Obstacles in logistics harming agro-exports

July 21, 2022 | 09:00
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High logistics costs and incomplete infrastructure continue to be two of the biggest barriers for agricultural exporters in Vietnam.
Obstacles in logistics harming agro-exports
Logistical expenses make up most of the costs for exporting fresh fruit and produce to overseas markets. Photo: Le Toan

Looking back on the first six months of this year, chairman of fruit exporter Vina T&T group Nguyen Dinh Tung has been pleased with the increase in both the quantity and revenues gained. However, he regrets the company’s failure to meet the demand of overseas markets.

“So far this year, our revenues increased by over 30 per cent on-year and the number of agro-products increased by 20 per cent on-year. However, the group has yet to meet the demand of partners,” Tung said.

In general, the room for exporting agro-products is large. The group just meets an average of 70-80 per cent of foreign orders, Tung said, due to logistical issues.

Logistics costs currently stand at the top of the price scale. For example, such costs for exporting fresh fruits to the United States via air are $7 per kg, equaling 80 per cent of the value of the goods. Meanwhile, the sea freight charge for exporting fruit accounts for an average of 60 per cent of product value. “Such costs are very high, depriving exporters like us of profit opportunities,” Tung said.

Vo Quan Huy, director of fruit exporter Huy Long An Company in the Mekong Delta province of Long An, is also concerned about the impact of logistics costs on the company’s exports.

“In 2021, the sea freight logistics cost to China was around 9 US cents per kg, but the figure increased to almost 40 US cents in April and cooled back down to 28 US cents in May. Meanwhile, the selling price of bananas is at a maximum of 48 US cents per kg. Thus, the company just acquires a modest profit,” Huy said.

The 6-month export value of agro-forestry and aquatic products thus far this year has reached $27.88 billion, up 13.9 per cent on-year. About $11.37billion of these groups comes from agro-products, up 8.8 per cent compared to the figure of the same period last year, according to the Ministry of Agriculture and Rural Development.

Some products that see an export turnover of over $1 billion include coffee, fruit and vegetables, cashews, and rice. The largest four export markets are the US, China, Japan, and South Korea.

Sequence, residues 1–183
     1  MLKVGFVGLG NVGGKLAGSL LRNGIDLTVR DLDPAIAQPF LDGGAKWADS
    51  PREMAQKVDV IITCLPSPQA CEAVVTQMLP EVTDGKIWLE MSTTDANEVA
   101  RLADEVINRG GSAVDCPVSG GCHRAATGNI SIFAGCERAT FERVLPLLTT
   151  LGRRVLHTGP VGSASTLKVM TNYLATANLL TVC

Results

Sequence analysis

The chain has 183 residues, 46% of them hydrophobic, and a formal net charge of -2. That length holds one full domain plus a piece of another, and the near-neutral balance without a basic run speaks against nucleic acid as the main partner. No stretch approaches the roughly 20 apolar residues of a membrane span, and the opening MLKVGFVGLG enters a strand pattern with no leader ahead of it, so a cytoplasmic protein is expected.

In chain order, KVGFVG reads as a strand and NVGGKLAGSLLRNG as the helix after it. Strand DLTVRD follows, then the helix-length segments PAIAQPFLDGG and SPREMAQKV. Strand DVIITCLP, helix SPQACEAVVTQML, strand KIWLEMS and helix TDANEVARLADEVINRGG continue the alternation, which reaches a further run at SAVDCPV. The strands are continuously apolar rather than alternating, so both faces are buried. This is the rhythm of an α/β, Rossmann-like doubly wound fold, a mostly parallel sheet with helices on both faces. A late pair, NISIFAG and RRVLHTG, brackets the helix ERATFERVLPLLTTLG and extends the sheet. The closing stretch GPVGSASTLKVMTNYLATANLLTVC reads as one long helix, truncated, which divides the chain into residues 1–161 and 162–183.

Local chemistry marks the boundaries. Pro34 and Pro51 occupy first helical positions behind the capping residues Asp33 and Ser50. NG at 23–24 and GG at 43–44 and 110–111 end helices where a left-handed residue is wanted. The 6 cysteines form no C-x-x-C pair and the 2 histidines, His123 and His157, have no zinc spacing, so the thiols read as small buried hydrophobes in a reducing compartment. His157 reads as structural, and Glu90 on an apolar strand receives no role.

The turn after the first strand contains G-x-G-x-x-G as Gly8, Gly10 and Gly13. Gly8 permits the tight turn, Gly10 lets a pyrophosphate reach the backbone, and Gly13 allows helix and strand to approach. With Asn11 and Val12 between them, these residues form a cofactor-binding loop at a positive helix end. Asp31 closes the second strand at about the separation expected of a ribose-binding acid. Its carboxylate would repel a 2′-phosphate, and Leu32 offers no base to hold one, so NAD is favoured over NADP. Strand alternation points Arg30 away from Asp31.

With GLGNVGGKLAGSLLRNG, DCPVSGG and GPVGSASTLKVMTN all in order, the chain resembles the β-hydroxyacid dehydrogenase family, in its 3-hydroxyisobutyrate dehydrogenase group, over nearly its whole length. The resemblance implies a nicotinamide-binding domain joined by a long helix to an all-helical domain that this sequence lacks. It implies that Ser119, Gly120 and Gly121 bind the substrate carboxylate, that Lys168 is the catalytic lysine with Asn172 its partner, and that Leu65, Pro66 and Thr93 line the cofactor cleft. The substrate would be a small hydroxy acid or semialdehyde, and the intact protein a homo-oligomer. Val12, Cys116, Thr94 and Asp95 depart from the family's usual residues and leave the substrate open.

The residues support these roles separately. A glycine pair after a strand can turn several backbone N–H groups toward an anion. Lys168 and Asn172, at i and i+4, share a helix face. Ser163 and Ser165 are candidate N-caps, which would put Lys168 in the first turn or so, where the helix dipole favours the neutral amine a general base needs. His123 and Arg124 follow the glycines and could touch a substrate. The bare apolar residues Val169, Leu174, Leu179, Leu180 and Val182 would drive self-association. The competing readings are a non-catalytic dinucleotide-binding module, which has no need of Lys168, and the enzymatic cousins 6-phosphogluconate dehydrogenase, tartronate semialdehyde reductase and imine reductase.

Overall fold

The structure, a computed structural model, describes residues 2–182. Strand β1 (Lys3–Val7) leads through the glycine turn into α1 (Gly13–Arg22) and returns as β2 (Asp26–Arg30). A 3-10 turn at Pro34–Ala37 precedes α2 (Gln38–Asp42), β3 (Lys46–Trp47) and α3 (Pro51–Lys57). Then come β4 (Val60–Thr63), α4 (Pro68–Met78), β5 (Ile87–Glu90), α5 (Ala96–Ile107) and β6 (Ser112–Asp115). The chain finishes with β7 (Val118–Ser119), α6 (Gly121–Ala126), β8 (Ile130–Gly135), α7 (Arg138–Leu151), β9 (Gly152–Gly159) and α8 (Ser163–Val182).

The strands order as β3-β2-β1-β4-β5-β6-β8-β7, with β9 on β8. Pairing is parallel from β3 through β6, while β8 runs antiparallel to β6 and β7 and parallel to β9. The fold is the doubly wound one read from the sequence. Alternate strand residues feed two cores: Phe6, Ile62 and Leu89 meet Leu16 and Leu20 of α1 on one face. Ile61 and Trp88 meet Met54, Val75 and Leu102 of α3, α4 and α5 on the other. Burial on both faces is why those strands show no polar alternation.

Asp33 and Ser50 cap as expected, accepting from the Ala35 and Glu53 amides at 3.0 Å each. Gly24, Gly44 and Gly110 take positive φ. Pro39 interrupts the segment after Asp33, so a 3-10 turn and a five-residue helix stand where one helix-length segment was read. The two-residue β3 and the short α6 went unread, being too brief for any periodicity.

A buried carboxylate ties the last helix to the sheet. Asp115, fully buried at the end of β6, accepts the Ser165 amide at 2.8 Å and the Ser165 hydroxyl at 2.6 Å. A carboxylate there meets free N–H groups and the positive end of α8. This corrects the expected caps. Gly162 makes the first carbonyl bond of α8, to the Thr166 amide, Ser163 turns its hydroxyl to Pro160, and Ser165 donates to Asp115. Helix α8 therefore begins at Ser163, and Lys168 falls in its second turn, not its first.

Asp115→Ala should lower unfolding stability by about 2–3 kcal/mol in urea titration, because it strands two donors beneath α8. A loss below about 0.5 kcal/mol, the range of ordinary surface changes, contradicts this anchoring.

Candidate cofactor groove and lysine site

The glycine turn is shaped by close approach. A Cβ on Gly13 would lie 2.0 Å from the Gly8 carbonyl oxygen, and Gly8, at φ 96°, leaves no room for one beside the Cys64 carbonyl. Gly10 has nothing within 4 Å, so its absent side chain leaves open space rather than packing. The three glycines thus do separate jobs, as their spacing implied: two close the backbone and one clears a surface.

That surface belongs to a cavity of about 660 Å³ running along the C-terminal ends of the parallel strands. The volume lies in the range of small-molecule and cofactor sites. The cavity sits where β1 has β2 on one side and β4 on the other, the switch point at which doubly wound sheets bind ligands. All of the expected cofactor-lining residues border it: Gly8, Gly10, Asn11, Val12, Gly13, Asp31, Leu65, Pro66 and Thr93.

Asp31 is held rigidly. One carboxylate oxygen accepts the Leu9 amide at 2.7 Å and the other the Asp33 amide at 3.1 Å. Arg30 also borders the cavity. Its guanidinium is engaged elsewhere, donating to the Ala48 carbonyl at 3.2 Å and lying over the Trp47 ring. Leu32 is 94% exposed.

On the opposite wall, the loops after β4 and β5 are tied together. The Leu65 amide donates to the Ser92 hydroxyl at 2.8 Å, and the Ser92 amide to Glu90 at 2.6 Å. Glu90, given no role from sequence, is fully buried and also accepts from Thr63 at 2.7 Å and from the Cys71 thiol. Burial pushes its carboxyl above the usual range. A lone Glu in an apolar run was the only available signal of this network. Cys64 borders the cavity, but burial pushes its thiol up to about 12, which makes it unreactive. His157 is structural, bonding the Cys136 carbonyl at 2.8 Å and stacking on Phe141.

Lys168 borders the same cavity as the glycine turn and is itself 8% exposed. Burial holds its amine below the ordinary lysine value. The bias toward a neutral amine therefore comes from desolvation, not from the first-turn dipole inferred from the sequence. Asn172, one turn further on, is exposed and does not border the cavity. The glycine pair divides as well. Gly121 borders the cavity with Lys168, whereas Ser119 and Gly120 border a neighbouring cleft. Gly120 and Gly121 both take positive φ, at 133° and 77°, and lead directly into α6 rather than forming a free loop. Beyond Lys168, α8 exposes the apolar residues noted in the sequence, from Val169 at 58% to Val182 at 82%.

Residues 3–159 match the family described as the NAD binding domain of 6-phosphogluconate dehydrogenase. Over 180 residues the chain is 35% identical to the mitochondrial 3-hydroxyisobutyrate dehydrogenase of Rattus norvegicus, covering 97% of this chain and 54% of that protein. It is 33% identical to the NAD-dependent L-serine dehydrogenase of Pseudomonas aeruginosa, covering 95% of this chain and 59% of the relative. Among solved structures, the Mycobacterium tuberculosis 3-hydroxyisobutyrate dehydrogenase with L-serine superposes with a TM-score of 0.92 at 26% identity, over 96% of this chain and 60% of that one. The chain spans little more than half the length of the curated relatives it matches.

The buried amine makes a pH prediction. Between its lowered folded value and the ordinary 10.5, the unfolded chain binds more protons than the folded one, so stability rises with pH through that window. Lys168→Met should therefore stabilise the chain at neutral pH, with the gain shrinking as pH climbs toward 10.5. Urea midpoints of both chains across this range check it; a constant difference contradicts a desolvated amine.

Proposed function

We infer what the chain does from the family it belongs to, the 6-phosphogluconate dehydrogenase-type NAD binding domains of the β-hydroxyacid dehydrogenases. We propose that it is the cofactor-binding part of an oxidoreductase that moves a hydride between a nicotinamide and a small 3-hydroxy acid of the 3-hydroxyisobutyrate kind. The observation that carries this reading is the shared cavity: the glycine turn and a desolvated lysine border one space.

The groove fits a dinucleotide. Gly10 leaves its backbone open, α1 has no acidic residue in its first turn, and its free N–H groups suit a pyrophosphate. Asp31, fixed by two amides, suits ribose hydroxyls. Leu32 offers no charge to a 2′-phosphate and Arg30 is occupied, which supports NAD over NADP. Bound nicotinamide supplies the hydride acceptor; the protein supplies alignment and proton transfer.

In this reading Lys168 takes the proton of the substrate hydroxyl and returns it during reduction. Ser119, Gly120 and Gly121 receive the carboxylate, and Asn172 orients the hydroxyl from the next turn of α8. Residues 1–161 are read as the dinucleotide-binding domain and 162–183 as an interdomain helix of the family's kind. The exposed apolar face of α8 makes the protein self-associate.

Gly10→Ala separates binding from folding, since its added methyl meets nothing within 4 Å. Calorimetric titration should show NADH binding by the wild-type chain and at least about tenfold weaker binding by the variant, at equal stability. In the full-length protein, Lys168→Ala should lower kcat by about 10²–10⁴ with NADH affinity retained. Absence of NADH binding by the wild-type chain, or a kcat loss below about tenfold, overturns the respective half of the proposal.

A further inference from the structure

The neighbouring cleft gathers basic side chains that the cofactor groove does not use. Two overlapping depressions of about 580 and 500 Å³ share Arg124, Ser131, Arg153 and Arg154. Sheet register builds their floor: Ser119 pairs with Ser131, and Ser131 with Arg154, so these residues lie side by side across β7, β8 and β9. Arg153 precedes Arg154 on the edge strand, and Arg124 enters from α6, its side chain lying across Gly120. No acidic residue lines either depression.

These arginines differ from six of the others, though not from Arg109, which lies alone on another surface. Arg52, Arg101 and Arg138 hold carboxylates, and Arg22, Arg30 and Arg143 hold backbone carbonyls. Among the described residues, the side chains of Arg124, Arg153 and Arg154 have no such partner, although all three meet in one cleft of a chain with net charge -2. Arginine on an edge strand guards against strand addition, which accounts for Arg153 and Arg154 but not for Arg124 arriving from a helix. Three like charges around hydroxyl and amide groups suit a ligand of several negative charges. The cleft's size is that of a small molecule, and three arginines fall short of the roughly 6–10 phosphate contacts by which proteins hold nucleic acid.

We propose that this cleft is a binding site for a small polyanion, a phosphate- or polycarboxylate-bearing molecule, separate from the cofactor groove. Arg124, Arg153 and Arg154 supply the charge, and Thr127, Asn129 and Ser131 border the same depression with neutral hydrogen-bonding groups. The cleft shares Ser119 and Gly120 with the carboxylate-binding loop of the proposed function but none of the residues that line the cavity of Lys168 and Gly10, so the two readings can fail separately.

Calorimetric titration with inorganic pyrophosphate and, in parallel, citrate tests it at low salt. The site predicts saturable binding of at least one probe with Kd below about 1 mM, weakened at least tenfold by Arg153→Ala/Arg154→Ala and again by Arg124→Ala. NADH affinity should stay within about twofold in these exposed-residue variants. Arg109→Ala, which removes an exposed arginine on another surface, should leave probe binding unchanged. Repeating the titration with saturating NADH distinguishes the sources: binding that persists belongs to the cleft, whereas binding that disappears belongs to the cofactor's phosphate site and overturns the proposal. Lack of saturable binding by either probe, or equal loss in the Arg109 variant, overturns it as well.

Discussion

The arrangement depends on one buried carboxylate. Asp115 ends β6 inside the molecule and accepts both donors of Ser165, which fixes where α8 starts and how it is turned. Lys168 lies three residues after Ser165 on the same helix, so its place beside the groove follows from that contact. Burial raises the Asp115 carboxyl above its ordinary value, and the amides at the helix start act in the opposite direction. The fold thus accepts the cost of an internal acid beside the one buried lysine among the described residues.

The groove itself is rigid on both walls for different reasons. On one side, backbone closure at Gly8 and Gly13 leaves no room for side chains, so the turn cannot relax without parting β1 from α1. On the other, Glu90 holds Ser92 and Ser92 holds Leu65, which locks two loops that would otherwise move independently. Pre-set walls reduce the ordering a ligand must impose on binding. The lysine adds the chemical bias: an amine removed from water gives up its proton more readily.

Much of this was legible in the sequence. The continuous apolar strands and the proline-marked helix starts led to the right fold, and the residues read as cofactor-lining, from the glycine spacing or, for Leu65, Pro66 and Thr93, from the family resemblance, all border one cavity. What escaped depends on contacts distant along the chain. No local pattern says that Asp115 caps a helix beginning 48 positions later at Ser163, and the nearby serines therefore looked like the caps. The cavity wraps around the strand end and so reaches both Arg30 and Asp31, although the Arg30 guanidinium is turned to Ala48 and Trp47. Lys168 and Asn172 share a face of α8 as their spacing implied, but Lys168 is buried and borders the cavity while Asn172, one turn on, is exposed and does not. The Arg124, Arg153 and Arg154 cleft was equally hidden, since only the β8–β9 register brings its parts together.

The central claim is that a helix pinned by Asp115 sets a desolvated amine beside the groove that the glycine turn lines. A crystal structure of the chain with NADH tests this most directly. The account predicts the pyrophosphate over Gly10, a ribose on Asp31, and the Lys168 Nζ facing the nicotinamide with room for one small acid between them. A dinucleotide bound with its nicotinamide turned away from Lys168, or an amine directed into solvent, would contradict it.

“The company exported over 15,000 tonnes of bananas to China, Japan, and South Korea in the first half of 2022,” Huy added. “The quantity is much higher than the figures in previous years, but it accounts for a tiny part of the market’s demand. Notably, the volume of bananas from Vietnam to Japan makes up only 0.6 per cent of the imported bananas in this country.”

Japan imports an average of 100,000 tonnes of bananas each month. Despite the large market room, the company still does not boost the quantity because of the high logistics costs, Huy said.

Explaining the reason for these barriers, the leaders of Huy Long An and Vina T&T note that while the majority of agri-goods come from the Mekong Delta region, the seaport system is concentrated in Ho Chi Minh City. Thus, goods are transported through various locations before reaching the city for export. Meanwhile, the transport system in the Mekong Delta has yet to fully develop to meet the demand.

Although the region contributes to 90 per cent of the country’s rice exports, 65 per cent of seafood production, and 70 per cent of fruit exports, statistics from the Vietnam Logistics Association (VLA) showed that 1,460 logistics service providers in the Mekong Delta account for less than 5 per cent of the total logistics enterprises across the country. Almost all these enterprises are small in scale.

Every year, the demand for transporting import-export goods in this region has reached around 18 million tonnes. However, the logistics costs of the region often make up 30 per cent of the selling price of products compared to the figures of other regions in the country, according to the World Bank.

“There is a lack of seaports in the region, especially deepwater ports that can handle export containers. This, coupled with overloaded ports in Ho Chi Minh City, is leading to increased service fees, storage fees, and waiting times. Besides this, the logistics infrastructure lacks synchronous links,” said Le Duy Hiep, chairman of the VLA.

The VLA proposed that it is necessary to develop a logistics centre in the Mekong Delta city of Can Tho, which will be a hub to gather agro-products in the region for export. The centre will contribute to decreasing the logistics costs for businesses, simultaneously reducing the overload situation for ports in Ho Chi Minh City.

“In order to realise the proposal, the government and provinces should offer incentive policies for investors and businesses. The investors that want to develop cold warehouses and seaports should enjoy customs incentives and be exempt from land rental price and corporate income tax for 5-10 years,” Hiep said.

By Oanh Nguyen

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